She opened a paper bag that was sitting next to her and held it out for me. I felt like an idiot. I couldn’t remember how to eat. But that didn’t seem like such an imminent problem when I looked into the bag.

“That’s not a sandwich,” I said.

“You’ve shown a preference for freshly-culled squirrel lately.”

“That’s what I’ve been eating? Squirrels? God, I’m a monster.”

“Yes.” She sighed. “Okay, this guy here, he was called Gerald. He was a little bastard, mean to all the other squirrels. He hurt them so bad, he deserves this.”

“What did he do?” I said.

Her face crumpled in a way that seemed familiar, but I couldn’t figure out what it meant. She pulled her dark lips between her teeth, her nostrils flared, her forehead crinkled, not just into horizontal lines, but vertical ones too. Like she was about to …

“How did he hurt them?” I said, when it seemed like she’d never answer.

“He pinched their nuts,” she burst out, her laughing voice filling the graveyard. “Nuts aren’t supposed to be blue, Stevie.”

I laughed but said, “Don’t call me Stevie.”

“Yeah, well, you’ll need a new name when we bring you up.”

“You make me sound like vomit.”

“Were you a comedian in real life? That explains why there were so many people at your funeral.”

“God, what?”

“Shit, sorry, I really shouldn’t have said that. It was supposed to be a joke, but I—”

“You think it’s a joke that I had no friends? No parents? That there’s, like, four people who would even miss me at all.”

“No, that’s not what I … Stephen, you did have friends. The crematorium was full.”

“I can’t decide if that’s worse,” I said, feeling a phantom ache in my phantom throat where my voice was getting higher. “Not having friends, or not knowing I had any. I mean, I guess there were some. People from work. How … how did you find me?”

“You were on a watch list.”

“A watch list? Like, FBI levels of watch listiness? That’s the single most interesting thing about my entire life. Who was watching me?”

Erin grinned darkly. “If I told you, I’d have to kill you.”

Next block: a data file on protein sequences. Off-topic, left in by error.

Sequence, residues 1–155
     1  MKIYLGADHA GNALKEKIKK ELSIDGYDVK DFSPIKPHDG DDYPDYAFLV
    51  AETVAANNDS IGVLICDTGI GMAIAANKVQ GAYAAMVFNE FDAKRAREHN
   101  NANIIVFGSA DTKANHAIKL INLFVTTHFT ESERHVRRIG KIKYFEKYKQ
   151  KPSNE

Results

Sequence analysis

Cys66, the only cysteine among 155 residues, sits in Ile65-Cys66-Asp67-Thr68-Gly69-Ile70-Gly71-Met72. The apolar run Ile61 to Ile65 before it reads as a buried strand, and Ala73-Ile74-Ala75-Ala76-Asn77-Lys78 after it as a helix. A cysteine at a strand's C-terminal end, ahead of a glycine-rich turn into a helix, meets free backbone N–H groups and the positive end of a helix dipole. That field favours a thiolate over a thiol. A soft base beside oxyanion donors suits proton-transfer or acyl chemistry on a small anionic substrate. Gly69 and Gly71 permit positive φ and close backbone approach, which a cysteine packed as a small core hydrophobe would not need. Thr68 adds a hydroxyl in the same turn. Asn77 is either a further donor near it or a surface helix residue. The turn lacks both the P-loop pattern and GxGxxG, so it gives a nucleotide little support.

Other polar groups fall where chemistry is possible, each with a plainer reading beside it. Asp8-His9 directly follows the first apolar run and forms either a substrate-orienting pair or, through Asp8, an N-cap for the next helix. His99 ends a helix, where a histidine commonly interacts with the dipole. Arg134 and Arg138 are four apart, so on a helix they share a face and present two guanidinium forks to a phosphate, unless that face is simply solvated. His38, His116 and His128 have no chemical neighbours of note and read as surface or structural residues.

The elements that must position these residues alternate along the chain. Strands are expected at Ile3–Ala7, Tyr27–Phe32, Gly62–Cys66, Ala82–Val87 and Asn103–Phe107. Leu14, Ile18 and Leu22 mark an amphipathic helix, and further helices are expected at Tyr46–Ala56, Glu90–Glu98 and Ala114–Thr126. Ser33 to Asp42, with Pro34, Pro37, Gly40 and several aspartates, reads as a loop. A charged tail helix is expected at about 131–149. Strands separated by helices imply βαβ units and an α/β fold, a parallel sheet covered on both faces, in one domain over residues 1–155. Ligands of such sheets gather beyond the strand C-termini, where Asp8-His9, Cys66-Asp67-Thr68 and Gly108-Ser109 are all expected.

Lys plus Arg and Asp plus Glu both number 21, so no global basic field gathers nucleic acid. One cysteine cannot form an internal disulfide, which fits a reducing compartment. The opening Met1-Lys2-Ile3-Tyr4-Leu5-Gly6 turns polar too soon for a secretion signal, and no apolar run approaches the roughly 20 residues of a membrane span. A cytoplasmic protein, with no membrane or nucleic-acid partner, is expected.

“Is that a joke? I mean, I’m already dead. Is that … I can’t really … I don’t feel right. My brain feels fuzzy.”

“You were concussed. Before you died, I mean,” she said. “You were … you hit the back of your head.” My hand flew to the sore spot, but there was nothing there. Nothing to feel. “That feeling won’t improve until after, and even then it might linger for a while. And the bump’s been fixed, by the way.”

I wanted to ask what the hell I was, but I couldn’t. Not yet. Instead, I said, “Who are you?”

“You can call me Erin, but everything else will have to wait until you’re brought up, okay?”

She had this solemn look on her face, like everything she was saying was for my own good, like everything was what she’d wanted to hear when she …

“I’m the same as you,” I said. “You’ve been through this.”

She didn’t answer because we both knew I was right. “You’ll make a good case study. You’re very alert. Do you mind?”

“Mind what?”

“If I bring a notebook tomorrow night,” she said. “If I, uh, make notes about tonight in it too?”

I shook my head, maybe. Then figured she couldn’t see me. “I don’t mind.”

“Do you remember the first night?” she said.

“I remember the dirt hitting the glass. And salt. Rock salt.” I hadn’t remembered that until just that moment. My head came up quickly to look at her.

“You remember the salt?”

“Yeah, I counted each little rock.”

“You remember how many?”

I shook my head pointlessly. “No.”

“What else do you remember?”

“The smell. At first, I thought I was dreaming, but I knew I wasn’t. The smells were all wrong.”

Erin shifted to the edge of the bench, her hands gripping the front of it. “What smells?”

“Everything smelt like dirt, until …”

“Until?”

“At night, everything smells of blood.”

***

Original image from BMaxim37 on Pixabay.

July Camp 2018

I’m not ready for Camp NaNoWriMo, but I’m going for it anyway. I’ve given myself a target of 30K again, but I doubt I’ll stick to one project. I’ve been wavering for weeks and I’m no closer to a decision, even though I wrote 4K words of notes today. These are the projects I’ll be working on.

DeMobbed

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I’m going to have another crack at DeMobbed. I love the story, but I think because it’s so far away in terms of a release date—I have nine books in line before this one—it doesn’t seem so urgent. I would like to add about 10K to this one, just to move it on a bit. It’s at 40K right now after I slashed it in half for being too waffly and too smutty—who knew that was a thing? I have plans for a sequel brewing too, with a tonne of notes. Planning the sequel has helped me figure out where the first one needs to go and how it needs to end. You can read some first draft scenes from DeMobbed here. My Pinterest board for this project can be found here.

No Good Comes